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Glen Valley residents step up land sale protest

Siblings Brendan and Matthew Perry, ages 6 and 10, stand outside the Township civic facility with their drawings of the forest at 252 Street and 84 Avenue in Glen Valley.  - Miranda GATHERCOLE/Langley Times
Siblings Brendan and Matthew Perry, ages 6 and 10, stand outside the Township civic facility with their drawings of the forest at 252 Street and 84 Avenue in Glen Valley.
— image credit: Miranda GATHERCOLE/Langley Times

Nearly 1,000 names have been collected so far on a petition to stop the sale of Township land at 252 Street and 84 Avenue in Glen Valley.

The land, which nearby residents believe is a park, is full of mature conifers and is popular among local walkers and cyclists. It is part of eight parcels of Township land in Glen Valley that have been slated for sale to raise funds for purchasing Aldergrove Elementary School, which will be converted into a community centre.

But neighbours to the Glen Valley property believe the land is a unique spot in Langley and should be left alone.

The petition, along with many drawings from children depicting the forest, were hand delivered to the Township civic facility on  Tuesday.

They have signatures from as far away as the United Kingdom, Belize and South Africa.

“We try to preserve our history in terms of wonderful heritage sites. (The forest) is living heritage. It predates most of our buildings,” said Glen Valley resident Barbara Shelly.

“Forests that are this old really give a reminder of our heritage and our continued history. How rarely we get to experience a forest like this,” she said.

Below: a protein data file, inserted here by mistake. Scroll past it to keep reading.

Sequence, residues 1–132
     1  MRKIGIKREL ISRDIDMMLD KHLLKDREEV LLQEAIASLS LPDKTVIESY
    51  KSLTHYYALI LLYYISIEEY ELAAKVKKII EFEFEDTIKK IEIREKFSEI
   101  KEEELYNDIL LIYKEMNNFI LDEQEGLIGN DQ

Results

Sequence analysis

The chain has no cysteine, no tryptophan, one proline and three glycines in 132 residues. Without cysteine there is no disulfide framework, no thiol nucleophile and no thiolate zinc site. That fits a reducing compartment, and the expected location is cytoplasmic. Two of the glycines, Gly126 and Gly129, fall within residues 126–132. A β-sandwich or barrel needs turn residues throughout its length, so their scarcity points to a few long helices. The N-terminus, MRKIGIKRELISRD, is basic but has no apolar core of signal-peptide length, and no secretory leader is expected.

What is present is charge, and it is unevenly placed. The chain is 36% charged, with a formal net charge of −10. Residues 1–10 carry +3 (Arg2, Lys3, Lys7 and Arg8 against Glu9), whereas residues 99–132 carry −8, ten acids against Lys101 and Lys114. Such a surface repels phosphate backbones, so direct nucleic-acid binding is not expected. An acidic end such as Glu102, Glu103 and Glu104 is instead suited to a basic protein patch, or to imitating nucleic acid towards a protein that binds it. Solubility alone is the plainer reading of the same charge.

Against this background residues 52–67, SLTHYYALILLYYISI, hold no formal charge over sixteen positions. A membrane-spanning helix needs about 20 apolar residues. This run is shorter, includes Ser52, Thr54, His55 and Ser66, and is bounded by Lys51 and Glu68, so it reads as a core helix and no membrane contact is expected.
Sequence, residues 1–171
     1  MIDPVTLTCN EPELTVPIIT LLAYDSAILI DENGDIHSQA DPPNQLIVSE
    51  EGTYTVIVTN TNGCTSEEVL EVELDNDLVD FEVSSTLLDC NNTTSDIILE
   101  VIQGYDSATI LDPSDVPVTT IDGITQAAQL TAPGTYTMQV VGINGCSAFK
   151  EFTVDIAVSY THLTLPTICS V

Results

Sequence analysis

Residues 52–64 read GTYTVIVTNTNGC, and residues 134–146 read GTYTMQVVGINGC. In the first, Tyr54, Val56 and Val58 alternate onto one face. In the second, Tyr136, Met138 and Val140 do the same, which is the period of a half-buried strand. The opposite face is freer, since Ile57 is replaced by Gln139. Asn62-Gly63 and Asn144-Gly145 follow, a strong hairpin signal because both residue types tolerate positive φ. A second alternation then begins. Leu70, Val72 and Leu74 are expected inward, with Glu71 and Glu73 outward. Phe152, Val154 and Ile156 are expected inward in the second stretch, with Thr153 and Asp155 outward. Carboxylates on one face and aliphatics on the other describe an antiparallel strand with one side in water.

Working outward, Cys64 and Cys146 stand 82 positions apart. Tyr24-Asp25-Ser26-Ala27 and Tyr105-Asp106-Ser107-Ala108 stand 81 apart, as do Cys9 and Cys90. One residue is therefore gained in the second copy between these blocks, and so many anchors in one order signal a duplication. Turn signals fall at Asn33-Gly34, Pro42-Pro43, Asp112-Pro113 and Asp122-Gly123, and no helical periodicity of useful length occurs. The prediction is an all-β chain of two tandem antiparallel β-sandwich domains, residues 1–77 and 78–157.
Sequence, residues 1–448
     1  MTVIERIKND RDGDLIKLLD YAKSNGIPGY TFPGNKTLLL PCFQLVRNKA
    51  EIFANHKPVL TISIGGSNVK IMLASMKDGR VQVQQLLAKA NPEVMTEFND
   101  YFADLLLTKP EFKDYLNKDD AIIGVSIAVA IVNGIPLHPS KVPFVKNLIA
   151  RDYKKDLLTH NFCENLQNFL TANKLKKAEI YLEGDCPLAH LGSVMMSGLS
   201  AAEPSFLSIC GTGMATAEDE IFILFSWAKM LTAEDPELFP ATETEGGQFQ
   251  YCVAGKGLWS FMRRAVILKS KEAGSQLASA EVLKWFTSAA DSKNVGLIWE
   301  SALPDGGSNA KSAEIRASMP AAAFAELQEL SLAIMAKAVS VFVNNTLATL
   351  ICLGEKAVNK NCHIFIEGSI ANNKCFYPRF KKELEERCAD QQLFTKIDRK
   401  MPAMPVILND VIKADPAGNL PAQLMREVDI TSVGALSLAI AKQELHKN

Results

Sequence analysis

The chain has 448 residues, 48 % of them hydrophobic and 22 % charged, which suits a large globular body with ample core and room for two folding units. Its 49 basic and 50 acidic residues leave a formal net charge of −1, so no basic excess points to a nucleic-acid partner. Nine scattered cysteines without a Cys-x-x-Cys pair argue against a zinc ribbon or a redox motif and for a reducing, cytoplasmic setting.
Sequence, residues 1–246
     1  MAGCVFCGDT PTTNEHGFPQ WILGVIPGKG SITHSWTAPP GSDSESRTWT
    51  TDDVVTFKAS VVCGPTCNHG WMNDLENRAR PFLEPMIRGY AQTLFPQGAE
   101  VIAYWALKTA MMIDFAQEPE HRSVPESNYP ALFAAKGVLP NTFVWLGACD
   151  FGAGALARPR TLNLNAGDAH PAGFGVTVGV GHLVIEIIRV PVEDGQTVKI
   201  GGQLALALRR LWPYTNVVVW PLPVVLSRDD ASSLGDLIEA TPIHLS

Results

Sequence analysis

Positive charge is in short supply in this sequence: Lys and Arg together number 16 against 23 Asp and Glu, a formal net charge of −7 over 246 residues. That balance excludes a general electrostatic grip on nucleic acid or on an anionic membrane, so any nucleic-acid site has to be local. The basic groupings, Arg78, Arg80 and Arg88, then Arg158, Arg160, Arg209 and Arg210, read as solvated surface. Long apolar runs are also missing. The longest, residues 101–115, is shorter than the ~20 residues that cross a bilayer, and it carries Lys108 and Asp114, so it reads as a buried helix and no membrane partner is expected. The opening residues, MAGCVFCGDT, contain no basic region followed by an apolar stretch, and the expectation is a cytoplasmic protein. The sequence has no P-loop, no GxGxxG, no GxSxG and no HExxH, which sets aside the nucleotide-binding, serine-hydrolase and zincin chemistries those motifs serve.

The land was put up for sale on the BC bid website in May and and was closed on June 29 at 2 p.m.

Township staff will now present a report to council on July 23. It will then be up to council to decide whether to accept a bid, put the land back up for sale or take it off the market entirely.

The BC Bid process is one of three vehicles the Township uses when selling land, said Scott Thompson, manager of property services for the Township. They may also use their own staff to try to sell property or engage the services of real estate agents.

“Depending on what kind of property it is, where it’s located, we’ve been having some success to date with using BC bid,” Thompson said.

“That is more typically the start of the process and then we’ll try to sell it on our own after that and finally use the services of realtors.”

Erin Perry, who moved to the area five years ago, says the first time she took her kids for a walk in the forest “it was like a fairy garden.”

Her family walks and rides their bikes down there regularly — often on a weekly basis, depending on the season.

“It’s become a special place for my kids as each year they’ve grown,” she said.

It is also a place of “peace, serenity, and quiet,” said Ellen Klemm, a longtime resident of the area.

She describes her relationship to the forest as “a love affair” and says its important to preserve it for our kids and grandchildren.

“Kids are becoming out of touch with nature,” she said. “It is important that we save this site for them.”

Petitions are still available at Wendel’s Cafe in Fort Langley, 9233 Glover Rd., or online at www.ipetitions.com. Search “save 100 year old Conifer Forest, McLellan Park 252 Street and 84 Avenue Glen Valley, Langley” on the right side of the page.

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